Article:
“I know we get paid handsomely but we deserve to fight for something that’s right,” he told HoopsWorld. “We feel that they’re trying to strong-arm us and back us into a corner just to accept the deal. Of course they’re going to bluff and show the fans, try to put the fans against us like they’re the good guys and we’re the bad guys.

“I think getting what you deserve and fighting for something you believe is right is something all the players really care about,” he continued.  “Of course we enjoy the fans, we like the fans that come and support us.  They’re the reason why we’re playing this game, the reason why we continue to play this game but at some point you have to fight for what’s right and we can’t get bullied.”

That, says it all. In a game setting, if Nene throws a shoulder into Kendrick Perkins, Perkins is not only going to shove him back, but Durant and the rest of the team is going to back up their teammate. It's just their nature. That's what's happening here. David Stern just gave Derek Fisher an elbow. And here come his teammates.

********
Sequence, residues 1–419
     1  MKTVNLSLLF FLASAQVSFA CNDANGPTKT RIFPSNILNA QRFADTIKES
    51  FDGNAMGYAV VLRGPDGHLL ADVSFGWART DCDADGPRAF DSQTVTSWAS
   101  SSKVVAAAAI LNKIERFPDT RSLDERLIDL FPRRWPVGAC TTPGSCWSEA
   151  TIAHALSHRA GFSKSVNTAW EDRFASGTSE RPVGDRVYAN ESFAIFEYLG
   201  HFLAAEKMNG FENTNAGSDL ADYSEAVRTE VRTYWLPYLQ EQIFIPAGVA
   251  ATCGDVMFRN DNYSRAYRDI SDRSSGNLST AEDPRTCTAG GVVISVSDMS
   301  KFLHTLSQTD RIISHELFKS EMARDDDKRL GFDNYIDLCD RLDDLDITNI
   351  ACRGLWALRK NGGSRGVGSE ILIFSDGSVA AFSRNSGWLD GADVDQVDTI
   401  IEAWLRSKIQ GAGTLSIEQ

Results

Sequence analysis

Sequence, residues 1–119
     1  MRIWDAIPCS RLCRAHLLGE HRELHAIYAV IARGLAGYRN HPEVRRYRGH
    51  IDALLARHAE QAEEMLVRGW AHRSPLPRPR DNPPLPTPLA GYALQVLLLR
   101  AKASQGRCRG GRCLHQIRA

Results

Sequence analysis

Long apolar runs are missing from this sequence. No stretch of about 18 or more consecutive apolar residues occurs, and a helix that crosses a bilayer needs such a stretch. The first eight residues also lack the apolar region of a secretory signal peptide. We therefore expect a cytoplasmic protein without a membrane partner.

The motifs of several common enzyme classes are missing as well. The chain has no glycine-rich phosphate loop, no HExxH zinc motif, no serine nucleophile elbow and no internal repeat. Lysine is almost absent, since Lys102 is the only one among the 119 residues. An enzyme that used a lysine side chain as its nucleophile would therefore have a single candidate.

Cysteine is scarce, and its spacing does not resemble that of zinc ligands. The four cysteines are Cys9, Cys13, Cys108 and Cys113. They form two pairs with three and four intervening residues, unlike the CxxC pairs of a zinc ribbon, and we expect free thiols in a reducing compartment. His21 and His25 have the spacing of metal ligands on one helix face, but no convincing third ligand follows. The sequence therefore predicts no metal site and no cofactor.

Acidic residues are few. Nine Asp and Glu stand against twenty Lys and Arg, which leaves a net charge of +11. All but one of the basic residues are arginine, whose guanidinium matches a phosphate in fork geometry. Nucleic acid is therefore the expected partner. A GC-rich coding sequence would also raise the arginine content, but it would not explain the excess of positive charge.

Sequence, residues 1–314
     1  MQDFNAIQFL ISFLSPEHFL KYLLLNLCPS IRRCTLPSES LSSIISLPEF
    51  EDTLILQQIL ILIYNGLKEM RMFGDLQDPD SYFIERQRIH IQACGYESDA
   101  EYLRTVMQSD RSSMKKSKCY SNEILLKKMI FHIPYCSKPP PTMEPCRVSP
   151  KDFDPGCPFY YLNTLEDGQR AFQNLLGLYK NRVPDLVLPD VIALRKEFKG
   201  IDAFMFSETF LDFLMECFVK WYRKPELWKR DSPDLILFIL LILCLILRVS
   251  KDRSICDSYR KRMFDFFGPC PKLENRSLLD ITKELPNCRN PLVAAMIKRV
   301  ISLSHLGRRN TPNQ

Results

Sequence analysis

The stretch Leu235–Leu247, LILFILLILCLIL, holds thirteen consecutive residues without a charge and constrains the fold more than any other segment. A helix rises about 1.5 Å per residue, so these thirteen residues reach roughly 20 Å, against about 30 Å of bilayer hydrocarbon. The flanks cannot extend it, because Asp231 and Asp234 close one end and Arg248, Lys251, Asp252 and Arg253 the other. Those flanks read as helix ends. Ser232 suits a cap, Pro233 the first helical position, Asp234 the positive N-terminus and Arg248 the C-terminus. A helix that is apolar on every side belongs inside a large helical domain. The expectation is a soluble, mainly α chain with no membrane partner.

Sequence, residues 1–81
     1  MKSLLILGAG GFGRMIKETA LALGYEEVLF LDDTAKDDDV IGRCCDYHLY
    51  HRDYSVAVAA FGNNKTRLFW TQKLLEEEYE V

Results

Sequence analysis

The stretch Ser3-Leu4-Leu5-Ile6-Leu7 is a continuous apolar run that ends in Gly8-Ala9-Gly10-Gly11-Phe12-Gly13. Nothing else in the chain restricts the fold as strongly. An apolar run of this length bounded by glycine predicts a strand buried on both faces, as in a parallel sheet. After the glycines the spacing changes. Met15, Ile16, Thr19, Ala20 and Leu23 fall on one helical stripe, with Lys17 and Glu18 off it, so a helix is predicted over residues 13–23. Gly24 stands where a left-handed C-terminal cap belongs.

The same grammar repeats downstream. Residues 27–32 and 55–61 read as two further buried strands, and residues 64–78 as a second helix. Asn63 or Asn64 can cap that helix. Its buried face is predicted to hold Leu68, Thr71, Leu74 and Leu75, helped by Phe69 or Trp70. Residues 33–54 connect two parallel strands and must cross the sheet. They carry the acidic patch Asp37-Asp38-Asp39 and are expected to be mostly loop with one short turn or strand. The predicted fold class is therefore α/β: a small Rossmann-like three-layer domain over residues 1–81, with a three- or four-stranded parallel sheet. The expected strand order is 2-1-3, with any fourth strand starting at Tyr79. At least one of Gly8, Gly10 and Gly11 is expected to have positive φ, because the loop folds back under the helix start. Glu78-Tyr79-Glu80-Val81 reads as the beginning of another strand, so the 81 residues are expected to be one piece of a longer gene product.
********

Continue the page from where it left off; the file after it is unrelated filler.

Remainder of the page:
Billy Hunter said on a podcast that this has become a "moral" issue for the players. At the time, it just seemed like talk to try and scare the league. But clearly it's not. This is an emotional thing. And players are extremely emotional. They live off it. It's what drives them. They're competitive, emotional and passionate. Prideful.

So why would we expect anything less from them now, especially after they were backed into a corner by David Stern's ultimatum? The players wanted to stand and fight instead of just taking their medicine from the rich guys running the league.

I think Jerry Stackhouse said it well while ripping Derek Fisher. "Players are emotional. Players get emotional," he said. "So no, I don't necessarily, particularly want Derek Fisher or any of the executive committee negotiating a contract for me."

I mean, Hunter actually called the hard salary cap a "blood issue," meaning, I guess, that the players would rather die than give in to that. That's what the owners are negotiating against. It's nothing really all that new to them as they've haggled over contracts and extensions with players for years, but now the players are collectively fighting. At least that's the appearance.

I understand taking a stand for what you think is right. A tip of the cap to that. But this isn't a fight against poverty or injustice to children or something. This is about business. A $4 billion one, in fact. One in which the employees are paid more than $5 million per year annually on average.